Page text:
• Your will, trust documents, and contact information for the drafting attorney and listed executor
  • A list of and the account information for all financial accounts and reoccurring bills
  • Policy information for all insurance and benefits plans

See Beth Pinsker, What Should be in Your ‘Death’ File, Reuters, July 15, 2014.

Special thanks to Jim Hillhouse (Professional Legal Marketing (PLM, Inc.)) for bringing this article to my attention.

July 24, 2014 in Estate Administration, Estate Planning - Generally, Trusts, Wills | Permalink | Comments (0) | TrackBack (0)

Wednesday, July 23, 2014

Dying Man's Will Rejected

Will On Tuesday, a Sacramento Superior Court judge refused to validate a will that a lawyer claimed to be the last wishes of a dying friend.  The will would have given all but a small portion of Joseph Herb O’Brien’s estate to a mutual friend. 

Judge Christopher Krueger said the will filed on behalf of local veterinarian Kenneth Pawlowski did not meet the standard of “clear and convincing evidence” that O’Brien was of a sound mental state when he signed his testament.  “Indeed, the evidence points to the conclusion that Mr. O’Brien was extremely weak and actually in the process of dying,” Krueger wrote.  The judge said there was significant evidence that O’Brien wanted to modify the will that he had left in a trust that provided for a stepson with drug problems.  However, the judge expressed there was a “very significant doubt on Mr. O’Brien’s capacity at the time of execution.”

Although no one exercised undue influence upon Mr. O’Brien, the proponent of the will was unable to show that the will in this case was intended by the decedent to be his will at the time he put his mark on it. 

See Andy Furillo, Sacramento Judge Rejects Dying Man’s Last-Minute Will, The Sacramento Bee, July 23, 2014.

Special thanks to Joel Dobris (Professor of Law, UC Davis School of Law) for bringing this article to my attention.

July 23, 2014 in Elder Law, Estate Administration, Estate Planning - Generally, Wills | Permalink | Comments (0) | TrackBack (0)

Hoffman Refused to Leave Money for Children

Seymour hoffman

According to court documents, Phillip Seymour Hoffman rejected his accountant’s suggestion that he set aside money for his three children because he did not want them to be “trust fund kids.”

In a Manhattan Surrogate Court, Hoffman desired that his $35 million fortune to go to his longtime partner and the children’s mother, Mimi O’Donnell.  According to the filing, Hoffman’s accountant says O’Donnell was treated “in the same manner as if she were a spouse.”  A court-appointed attorney believes the actor’s will should be approved by the court.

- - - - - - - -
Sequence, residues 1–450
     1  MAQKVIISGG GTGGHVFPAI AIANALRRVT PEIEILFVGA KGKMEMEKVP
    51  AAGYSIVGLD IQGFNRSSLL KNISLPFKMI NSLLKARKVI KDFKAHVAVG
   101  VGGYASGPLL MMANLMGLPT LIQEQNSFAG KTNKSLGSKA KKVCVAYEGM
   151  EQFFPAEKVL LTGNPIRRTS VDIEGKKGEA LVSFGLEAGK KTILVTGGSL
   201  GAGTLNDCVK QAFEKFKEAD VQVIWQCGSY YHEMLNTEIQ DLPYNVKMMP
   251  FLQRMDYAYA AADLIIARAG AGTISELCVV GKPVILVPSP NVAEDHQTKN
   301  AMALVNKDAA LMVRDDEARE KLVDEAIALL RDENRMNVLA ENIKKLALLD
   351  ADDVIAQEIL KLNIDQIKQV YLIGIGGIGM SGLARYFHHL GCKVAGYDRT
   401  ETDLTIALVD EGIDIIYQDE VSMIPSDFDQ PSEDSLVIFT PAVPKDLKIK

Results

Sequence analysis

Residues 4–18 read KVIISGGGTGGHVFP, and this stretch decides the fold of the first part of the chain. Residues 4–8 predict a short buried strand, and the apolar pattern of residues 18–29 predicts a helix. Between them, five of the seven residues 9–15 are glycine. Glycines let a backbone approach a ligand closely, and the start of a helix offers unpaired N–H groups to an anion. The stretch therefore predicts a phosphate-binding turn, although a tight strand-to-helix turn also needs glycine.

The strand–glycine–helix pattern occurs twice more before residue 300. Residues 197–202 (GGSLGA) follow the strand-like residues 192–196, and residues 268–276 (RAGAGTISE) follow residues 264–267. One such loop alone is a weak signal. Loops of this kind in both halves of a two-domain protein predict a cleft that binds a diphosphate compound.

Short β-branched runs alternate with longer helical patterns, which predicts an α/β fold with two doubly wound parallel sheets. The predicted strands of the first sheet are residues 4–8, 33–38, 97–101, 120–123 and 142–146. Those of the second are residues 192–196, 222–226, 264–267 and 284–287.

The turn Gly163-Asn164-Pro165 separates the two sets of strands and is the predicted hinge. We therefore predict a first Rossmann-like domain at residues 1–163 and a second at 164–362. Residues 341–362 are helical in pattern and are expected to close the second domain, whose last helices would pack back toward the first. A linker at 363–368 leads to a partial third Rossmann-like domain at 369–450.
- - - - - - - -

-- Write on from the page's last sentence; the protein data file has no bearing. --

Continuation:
See Associated Press, Hoffman Didn’t Want ‘Trust Fund’ Kids, USA Today, July 21, 2014.

Special thanks to Laura Galvan (Attorney, San Antonio, Texas) for bringing this article to my attention.  

July 23, 2014 in Current Affairs, Estate Planning - Generally, Wills | Permalink | Comments (0) | TrackBack (0)

Lessons Learned From James Gandolfini’s Will

James GandolfiniJames Gandolfini’s  will made headlines for the tax implications that his estate planning decisions created. The Soprano’s star left gifts to his sister and daughter totaling 80% of his estate, which was then taxed at 55% in “death taxes.” Here are six lessons learned from Gandolfini’s will:

  1. Without the public nature of probate, the media craze could not have happened.
  2. A revocable trust would have been an inexpensive way to keep the process private
  3. It is not the end of the world if Gandolfini did pay the reportedly high amount of taxes, if his estate went to who he wanted it to.
  4. There are ways to limit the tax bill, including how Gandolfini left his son $7 million through a life insurance trust.
  5. It is important to adjust provisions for the age that children will recieve inherited funds based on how responsible and mature they are over time.
  6. It is important to remember that foreign property may be subject to foreign laws, such as Gandolfini’s Italian property.

See Robert Wood, 6 Estate Planning Lessons from James Gandolfini’s Will, Forbes, July 20, 2014.

Special thanks to Jim Hillhouse (Professional Legal Marketing (PLM, Inc.)) for bringing this article to my attention.

July 23, 2014 in Estate Planning - Generally, Estate Tax, Non-Probate Assets, Television, Trusts, Wills | Permalink | Comments (0) | TrackBack (0)